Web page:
God Sees Your Service

Even though I am not currently serving on a tech team, this post made me cry. Mike Sessler hit the nail on the head with this one and I wanted to repost it because it was just so good. His post is in between the separators.

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One problem with serving behind the scenes is that you are, by definition, invisible. Most of the time, we technical artists are OK with that.

A big part of the problem with serving behind the scenes is that you are, by definition, supposed to be pretty much invisible. Most of the time, we technical artists are OK with that. We’d rather not be the ones on stage, talking to the crowd; or even in a big room full of people if we’re honest. We like to be in the background, and that’s OK. But there’s a problem with being invisible.

We tend to feel invisible, too.

I’m sure it’s happened to you (and if it hasn’t, it will) on a Sunday afternoon that while you’re picking up the stage, eager congregants will come up and tell the worship leader, band and pastor what a wonderful job they did. They’ll go on and on about how much they love to worship, and how much they got out of the message.

This is all good. But it can sting a little, too. We know that we helped make the service happen. Shoot, we may have even made the band sound a lot better than they really are (reverb covers a multitude of sins, and sometimes turning down a guitar is better than turning it up).

We made sure the pastor’s slides were made—and displayed at the right time. All the mics worked exactly the way they were supposed to. The lighting complemented the music, and the service was technically excellent.

And nobody noticed.

Those are the times when we don’t enjoy feeling invisible. It was after one of those weekends that I happened to be reading through a passage in Mark 9. One verse in particular caught my attention and re-framed my perspective (the Bible is cool like that). I take comfort in the fact that God notices when people give a cup of water to someone in the name of Christ (Mark 9:41).

Surely he notices the hours we put in working on the mix, the lighting, or slides. No doubt he sees and is pleased with what you do each weekend.

Somebody does indeed notice.
So take courage, my fellow technical artist. Just a few verses later, Jesus reminds us that, “Many who are the first will be last, and the last first” (Mark 10:31).

Maybe, just maybe, those who received all the praise in this life will be surprised by the praise those who served in the shadows receive in the next.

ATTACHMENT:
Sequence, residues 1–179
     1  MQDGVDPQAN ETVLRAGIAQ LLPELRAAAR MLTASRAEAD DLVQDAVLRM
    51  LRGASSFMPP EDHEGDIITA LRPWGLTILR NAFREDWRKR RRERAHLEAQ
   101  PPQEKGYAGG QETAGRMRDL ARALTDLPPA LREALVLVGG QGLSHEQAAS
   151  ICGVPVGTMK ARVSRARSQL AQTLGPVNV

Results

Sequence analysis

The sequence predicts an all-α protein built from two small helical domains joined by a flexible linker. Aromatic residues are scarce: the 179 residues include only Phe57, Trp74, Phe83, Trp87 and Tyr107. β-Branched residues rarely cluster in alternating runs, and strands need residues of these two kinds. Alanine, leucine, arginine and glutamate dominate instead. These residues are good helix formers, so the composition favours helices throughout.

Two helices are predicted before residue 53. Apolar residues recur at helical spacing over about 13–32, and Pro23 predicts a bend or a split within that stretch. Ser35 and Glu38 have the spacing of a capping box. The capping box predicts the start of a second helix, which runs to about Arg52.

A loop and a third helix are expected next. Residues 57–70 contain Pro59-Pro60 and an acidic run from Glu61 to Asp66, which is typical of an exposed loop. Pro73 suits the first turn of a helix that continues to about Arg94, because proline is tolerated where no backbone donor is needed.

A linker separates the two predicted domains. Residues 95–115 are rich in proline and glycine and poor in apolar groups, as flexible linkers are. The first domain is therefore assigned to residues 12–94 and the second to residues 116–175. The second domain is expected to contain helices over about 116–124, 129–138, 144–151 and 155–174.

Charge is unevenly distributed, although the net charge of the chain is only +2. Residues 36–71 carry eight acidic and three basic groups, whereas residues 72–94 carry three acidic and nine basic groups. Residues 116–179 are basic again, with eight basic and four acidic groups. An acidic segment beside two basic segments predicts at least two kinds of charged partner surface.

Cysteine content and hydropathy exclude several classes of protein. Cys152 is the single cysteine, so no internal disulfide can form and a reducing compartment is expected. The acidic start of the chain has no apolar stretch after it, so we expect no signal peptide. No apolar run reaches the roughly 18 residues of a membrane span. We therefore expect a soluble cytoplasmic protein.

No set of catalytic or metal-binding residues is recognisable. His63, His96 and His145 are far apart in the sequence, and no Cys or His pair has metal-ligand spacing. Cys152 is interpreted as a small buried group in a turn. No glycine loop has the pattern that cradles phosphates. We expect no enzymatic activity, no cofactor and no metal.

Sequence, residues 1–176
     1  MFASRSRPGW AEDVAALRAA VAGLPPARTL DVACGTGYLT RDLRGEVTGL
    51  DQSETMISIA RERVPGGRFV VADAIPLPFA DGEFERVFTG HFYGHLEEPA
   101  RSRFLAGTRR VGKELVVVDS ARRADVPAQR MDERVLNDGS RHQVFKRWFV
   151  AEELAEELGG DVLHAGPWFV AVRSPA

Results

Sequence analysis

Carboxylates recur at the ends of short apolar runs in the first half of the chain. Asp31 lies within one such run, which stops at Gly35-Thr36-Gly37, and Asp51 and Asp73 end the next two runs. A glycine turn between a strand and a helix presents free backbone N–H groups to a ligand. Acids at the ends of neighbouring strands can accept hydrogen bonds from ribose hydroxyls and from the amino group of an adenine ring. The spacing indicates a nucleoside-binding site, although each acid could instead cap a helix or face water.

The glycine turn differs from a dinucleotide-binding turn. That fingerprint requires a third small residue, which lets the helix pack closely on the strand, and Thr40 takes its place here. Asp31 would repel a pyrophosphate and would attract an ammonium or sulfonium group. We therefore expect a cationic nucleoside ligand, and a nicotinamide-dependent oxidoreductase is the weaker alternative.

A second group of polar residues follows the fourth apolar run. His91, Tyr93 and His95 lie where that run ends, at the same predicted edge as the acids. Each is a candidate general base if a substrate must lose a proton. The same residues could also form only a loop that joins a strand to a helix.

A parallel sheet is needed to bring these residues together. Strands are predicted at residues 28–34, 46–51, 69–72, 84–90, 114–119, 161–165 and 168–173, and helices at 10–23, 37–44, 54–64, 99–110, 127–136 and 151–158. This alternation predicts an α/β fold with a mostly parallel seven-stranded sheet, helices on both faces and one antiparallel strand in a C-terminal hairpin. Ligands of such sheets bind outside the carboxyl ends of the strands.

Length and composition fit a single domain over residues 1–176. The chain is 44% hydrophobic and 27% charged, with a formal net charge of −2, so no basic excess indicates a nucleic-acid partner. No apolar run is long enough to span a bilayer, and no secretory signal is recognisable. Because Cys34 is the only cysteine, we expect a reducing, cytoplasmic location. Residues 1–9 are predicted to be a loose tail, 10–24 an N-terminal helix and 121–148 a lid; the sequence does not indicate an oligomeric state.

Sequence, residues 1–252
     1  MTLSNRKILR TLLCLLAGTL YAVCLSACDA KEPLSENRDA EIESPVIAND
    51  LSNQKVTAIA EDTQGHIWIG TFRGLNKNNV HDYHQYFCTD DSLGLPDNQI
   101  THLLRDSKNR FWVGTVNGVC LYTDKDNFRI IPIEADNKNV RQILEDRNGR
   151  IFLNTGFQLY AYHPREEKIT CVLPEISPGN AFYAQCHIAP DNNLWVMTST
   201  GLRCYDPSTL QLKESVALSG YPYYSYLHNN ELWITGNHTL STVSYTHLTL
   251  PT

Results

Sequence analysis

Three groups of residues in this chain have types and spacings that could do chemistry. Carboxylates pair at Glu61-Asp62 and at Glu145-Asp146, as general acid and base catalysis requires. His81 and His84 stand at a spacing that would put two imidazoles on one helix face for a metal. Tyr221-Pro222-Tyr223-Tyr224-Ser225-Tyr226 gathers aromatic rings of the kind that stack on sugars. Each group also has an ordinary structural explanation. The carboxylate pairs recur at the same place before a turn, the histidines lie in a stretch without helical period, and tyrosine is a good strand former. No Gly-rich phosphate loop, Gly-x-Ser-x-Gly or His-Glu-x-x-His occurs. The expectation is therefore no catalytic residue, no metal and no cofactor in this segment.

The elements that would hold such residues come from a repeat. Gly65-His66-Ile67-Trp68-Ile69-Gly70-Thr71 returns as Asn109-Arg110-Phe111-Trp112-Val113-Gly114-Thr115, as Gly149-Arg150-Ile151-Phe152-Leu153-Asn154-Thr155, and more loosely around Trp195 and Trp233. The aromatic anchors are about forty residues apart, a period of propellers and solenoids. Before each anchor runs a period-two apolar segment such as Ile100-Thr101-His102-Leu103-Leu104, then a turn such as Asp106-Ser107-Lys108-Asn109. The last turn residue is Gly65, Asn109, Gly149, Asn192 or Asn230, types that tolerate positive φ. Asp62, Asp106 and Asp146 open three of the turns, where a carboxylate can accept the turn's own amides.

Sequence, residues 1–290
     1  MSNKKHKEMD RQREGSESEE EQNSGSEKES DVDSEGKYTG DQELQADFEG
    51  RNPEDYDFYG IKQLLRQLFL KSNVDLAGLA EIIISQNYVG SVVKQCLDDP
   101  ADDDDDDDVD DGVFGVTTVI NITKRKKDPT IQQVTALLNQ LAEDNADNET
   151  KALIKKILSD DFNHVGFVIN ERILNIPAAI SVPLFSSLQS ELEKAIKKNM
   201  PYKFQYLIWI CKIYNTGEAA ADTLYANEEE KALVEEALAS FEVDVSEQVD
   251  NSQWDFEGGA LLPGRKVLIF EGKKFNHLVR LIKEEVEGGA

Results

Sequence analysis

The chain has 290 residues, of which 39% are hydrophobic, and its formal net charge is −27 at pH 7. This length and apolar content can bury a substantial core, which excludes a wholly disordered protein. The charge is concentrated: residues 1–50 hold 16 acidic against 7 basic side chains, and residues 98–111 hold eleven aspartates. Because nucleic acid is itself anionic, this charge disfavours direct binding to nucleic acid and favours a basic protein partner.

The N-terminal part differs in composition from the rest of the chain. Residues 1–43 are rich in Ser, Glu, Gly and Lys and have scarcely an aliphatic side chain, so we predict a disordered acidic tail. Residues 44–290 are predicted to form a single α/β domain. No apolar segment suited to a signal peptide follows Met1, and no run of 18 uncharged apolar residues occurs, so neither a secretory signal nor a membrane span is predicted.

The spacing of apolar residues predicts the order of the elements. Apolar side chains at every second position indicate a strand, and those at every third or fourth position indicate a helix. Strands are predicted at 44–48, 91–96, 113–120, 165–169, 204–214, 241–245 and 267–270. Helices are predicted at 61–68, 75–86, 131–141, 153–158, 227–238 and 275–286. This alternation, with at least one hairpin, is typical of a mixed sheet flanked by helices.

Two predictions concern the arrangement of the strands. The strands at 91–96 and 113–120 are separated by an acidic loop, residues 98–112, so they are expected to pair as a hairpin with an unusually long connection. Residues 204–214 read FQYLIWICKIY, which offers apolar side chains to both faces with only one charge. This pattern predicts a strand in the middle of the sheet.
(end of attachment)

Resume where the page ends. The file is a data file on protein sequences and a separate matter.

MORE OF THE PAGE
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Usually when people notice us (technical artists), its to tell us something was bad, we made a mistake and/or the sound was too loud. Next Sunday, I challenge you to try and notice the good things. Take time and notice your church’s tech team every once in a while.

Send them a thank you card. Make them brownies. Bring breakfast early one Sunday morning. Notice something positive about the lights (something as simple as the pretty matching colors) or the sermon slides and thank them for their hard work. It would mean so much to us, even though we like being unnoticed and are naturally not drawn to the spotlight, we need encouragement from the body of Christ.

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Church Bells.

“When I left, I loved Jesus, but I was tired of Christianity,” I said. “I tried to blame everything on the whole Christian subculture — but that isn’t fair. Here, I’ve learned that no one is my problem but me. Francis never judged the church, even when he didn’t like what it was doing. What right do I have to judge it? Spiritually, I just want something more.”

(pg 152 from “Chasing Francis” by Ian Cron)

We live in a culture full of cynicism.  We’ve seen the leaders that we trusted fall; we’ve seen the wizard behind the voice, and we were disappointed.  I have noticed with a lot of my friends that grew up in the Christian church that those who are reflective often have a particularly difficult time with not becoming jaded and cynical in the light of all of the visible hypocrisy and shortcomings. 

In fact, I know some people who have become so jaded that they freely spill it on others wherever they go.  It wasn’t enough for them to have lost their own song, it’s like they are trying to rob others of theirs as well. This is a song to the jaded – and not just the jaded in others but also the jaded in me.  A song inviting the listener to relax… let it go… and don’t spill your cynicism onto others.  Instead of allowing all of your unanswered questions to fully consume your joy, just enjoy the dance.  To me, that’s largely what faith has become. Yes, I have my doubts and questions and everything else, but at the end of the day, it’s not what questions I have in my mind but whether I’m going to join the dance or sit on the outside and sneer.  I’d rather dance. 

Musically, this song is scaled back quite a bit compared to others on the album.  The acoustic part is actually fairy difficult to play though.  It’s a 3-over-4 pattern that seems like it should be in a more complex song, but somehow it works for me with the simplicity of the song.  It helps it not be too kitschy with the song’s simple and almost childlike chord progression in the key of C.  It’s the complexity conforming to simplicity for the sake of the joy of the music.  That’s what this song is all about to me.

I originally was going to just have this song be vocals and acoustic, but John Arndt, who helped me with most of the string arrangements, was really hearing the strings and flutes coming in at the bridge, and I’m glad we went that way with it.  When those strings come in, I imagine the old man and the children all dancing in this innocent waltz-like circle together.

It’s also worth mentioning Jason Morant’s guest vocal appearance on this song.  I am so honored that he would do that for us.  He was a worship leader years ago, and one that I was quite inspired by, actually.  We were signed to the same label and went through a lot of the same experiences and even social circles. I’ve had meaningful conversations with Jason over the last year or two, and he has become a dear friend.  I wanted him to sing this song with me because we have dealt with some of the same issues and faced similar doubts and jadedness.  After recording this for us, he told me that singing this song was helpful for him. May our jaded hearts be healed, Amen.